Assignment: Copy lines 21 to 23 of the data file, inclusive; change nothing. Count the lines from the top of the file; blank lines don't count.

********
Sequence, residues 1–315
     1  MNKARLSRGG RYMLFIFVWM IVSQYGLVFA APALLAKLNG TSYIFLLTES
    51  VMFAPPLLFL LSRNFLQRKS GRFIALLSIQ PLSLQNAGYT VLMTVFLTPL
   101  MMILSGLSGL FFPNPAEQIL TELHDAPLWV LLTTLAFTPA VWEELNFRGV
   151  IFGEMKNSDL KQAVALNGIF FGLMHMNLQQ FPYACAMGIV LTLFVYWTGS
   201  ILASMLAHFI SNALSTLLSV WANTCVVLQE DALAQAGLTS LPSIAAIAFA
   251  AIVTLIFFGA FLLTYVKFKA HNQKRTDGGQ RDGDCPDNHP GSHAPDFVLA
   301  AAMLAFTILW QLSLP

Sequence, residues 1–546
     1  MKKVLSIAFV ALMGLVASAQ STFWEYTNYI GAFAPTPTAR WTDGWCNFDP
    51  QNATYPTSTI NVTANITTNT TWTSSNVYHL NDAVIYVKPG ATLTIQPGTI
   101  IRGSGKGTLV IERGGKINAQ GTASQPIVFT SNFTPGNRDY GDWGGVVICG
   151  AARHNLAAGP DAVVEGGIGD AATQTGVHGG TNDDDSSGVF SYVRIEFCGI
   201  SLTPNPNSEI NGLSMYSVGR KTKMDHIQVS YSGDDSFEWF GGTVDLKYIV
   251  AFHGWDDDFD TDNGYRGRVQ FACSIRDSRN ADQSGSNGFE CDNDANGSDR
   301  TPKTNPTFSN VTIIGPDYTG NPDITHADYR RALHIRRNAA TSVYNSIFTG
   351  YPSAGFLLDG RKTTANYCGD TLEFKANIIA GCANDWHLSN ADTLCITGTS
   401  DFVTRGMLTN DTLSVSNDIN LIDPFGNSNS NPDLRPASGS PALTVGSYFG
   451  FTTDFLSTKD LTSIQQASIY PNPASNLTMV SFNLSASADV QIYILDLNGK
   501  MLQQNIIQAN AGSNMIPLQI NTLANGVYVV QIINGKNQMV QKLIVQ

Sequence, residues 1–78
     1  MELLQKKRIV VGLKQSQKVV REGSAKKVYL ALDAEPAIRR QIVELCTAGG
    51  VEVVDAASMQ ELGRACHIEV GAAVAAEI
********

Sequence, residues 1–78
     1  MELLQKKRIV VGLKQSQKVV REGSAKKVYL ALDAEPAIRR QIVELCTAGG
    51  VEVVDAASMQ ELGRACHIEV GAAVAAEI